Citilink aims to launch services to four international destinations in 2014. The carrier has selected Johor Bahru in Malaysia as its first destination overseas, followed by Kuala Lumpur, Singapore and eventually Perth.
Indonesia AirAsia slows expansion. Domestic share to suffer but international position to strengthen
Indonesia AirAsia has decided to significantly slow down expansion in 2014 as market conditions in the Indonesian market, particularly domestically, have become challenging. The carrier, which added eight A320s in 2013, had dropped plans to add two aircraft in 1H2014 and is also considering deferring some or all of the four deliveries initially slated for 2H2014.
Indonesia AirAsia is also planning to adjust its network to focus more on international services. The international market is more profitable as it is less impacted by the devaluation of the Indonesian rupiah. But cutting domestic capacity will result in a reduction in AirAsia’s already small share of Indonesia’s domestic market.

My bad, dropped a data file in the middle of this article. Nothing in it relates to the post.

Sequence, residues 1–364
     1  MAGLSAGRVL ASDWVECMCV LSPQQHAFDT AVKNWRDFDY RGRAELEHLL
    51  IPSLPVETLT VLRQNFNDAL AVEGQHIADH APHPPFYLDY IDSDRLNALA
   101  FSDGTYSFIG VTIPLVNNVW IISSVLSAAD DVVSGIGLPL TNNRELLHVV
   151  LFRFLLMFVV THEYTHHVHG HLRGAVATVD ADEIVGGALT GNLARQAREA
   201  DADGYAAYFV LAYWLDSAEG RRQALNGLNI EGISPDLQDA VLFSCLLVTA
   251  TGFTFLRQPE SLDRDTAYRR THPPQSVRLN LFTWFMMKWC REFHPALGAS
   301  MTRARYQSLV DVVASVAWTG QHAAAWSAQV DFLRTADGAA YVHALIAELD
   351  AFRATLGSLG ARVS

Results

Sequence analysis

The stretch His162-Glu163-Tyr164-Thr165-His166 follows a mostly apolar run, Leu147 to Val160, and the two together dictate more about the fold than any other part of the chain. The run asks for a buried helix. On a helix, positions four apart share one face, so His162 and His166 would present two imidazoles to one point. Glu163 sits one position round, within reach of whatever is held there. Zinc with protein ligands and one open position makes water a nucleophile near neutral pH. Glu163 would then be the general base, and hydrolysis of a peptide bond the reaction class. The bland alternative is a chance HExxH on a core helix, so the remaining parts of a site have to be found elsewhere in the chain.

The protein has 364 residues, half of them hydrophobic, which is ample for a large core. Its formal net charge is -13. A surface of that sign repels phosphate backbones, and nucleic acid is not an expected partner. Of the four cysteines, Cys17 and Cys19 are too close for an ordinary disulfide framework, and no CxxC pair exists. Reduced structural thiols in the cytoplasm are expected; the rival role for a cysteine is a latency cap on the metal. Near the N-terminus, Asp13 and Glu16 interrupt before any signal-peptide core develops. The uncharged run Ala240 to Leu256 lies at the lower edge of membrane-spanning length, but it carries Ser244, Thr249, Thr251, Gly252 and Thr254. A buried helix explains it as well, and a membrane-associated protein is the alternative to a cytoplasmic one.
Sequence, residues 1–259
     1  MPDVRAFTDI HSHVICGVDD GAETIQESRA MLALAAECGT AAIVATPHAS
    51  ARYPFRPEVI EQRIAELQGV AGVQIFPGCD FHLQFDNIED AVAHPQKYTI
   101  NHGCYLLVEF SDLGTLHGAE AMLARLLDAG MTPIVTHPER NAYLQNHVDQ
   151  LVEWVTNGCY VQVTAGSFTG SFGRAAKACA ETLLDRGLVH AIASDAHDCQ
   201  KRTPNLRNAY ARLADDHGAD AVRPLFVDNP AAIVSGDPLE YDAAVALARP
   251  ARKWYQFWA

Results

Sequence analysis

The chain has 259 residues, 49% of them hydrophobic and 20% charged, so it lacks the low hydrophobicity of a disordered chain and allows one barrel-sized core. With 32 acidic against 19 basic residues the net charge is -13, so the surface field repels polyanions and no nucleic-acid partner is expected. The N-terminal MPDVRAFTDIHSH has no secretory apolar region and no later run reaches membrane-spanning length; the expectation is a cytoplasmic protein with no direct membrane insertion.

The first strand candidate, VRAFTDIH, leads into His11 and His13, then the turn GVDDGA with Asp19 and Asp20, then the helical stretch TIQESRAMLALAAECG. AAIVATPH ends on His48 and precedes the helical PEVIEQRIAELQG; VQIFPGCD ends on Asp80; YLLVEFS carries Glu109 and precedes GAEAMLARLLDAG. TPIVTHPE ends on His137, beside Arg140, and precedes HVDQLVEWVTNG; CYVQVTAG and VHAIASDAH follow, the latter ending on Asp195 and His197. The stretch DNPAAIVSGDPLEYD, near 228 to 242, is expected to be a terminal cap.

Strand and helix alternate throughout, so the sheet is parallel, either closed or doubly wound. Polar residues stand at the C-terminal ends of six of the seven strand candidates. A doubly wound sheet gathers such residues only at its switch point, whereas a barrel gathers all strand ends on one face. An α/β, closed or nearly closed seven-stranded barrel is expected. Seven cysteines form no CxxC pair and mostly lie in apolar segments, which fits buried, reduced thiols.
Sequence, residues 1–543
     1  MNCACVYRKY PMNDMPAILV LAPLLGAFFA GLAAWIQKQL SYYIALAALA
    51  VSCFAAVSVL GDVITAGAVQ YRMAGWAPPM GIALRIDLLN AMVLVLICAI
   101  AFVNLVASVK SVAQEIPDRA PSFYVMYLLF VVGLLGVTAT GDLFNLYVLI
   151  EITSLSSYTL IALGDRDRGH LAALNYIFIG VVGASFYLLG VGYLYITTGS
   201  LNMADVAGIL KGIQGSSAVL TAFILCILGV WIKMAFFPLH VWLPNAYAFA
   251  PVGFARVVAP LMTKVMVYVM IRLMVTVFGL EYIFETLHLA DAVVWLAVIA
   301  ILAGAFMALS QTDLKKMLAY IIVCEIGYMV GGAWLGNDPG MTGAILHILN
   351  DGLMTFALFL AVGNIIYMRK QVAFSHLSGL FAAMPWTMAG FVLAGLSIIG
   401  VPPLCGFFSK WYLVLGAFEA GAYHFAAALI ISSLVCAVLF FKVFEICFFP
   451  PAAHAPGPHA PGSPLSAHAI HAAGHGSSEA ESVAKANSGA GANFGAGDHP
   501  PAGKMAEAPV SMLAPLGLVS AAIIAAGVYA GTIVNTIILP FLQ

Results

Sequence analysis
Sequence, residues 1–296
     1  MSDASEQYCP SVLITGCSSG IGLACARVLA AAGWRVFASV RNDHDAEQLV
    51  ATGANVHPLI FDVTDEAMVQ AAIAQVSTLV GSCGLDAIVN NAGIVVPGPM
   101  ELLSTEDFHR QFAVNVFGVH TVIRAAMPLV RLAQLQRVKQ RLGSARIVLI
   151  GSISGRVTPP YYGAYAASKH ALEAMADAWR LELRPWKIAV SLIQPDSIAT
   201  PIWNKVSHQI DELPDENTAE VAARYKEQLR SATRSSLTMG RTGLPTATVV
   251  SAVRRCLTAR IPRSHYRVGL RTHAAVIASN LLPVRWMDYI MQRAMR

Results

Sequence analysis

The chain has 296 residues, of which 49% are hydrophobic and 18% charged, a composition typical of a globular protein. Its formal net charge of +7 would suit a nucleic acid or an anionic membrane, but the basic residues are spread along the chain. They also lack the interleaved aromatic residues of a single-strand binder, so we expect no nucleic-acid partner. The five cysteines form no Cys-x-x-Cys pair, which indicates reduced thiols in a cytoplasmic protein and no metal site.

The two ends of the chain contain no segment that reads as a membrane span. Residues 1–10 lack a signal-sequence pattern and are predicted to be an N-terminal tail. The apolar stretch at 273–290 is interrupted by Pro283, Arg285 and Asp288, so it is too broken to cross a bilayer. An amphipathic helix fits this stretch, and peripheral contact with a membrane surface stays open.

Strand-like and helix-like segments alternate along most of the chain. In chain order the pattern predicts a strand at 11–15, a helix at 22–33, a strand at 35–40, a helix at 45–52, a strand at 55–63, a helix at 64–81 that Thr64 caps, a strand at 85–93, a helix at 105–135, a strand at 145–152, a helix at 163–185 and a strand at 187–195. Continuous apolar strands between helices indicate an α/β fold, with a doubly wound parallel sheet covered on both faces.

AirAsia still has a strong position and bright outlook in Indonesia’s international market. But 2014 will mark another setback in the group’s long-term strategy of securing a larger presence in Southeast Asia’s largest domestic market.
Indonesia’s Tigerair Mandala is boldly slashing capacity by about 40%, hoping to lead by example as it responds to overcapacity and challenging market conditions. The capacity cuts will reduce the carrier’s average aircraft utilisation rate to less than nine hours, which is very low for an LCC operating a new fleet of A320s.
Reducing utilisation is an unusual move in Asia’s low-cost sector, where expansion continues at an ambitious rate despite signs of overcapacity in several major markets including Indonesia. But reducing utilisation and even temporarily grounding aircraft is a more common response by LCCs in other regions during periods of low demand.
More Asian LCCs should consider adopting the strategy used by leading European LCC Ryanair, which parks up to 80 aircraft every winter. So far only tiny Tigerair Mandala, which is roughly number 35 among the 47 LCCs in Asia-Pacific, has taken the initiative.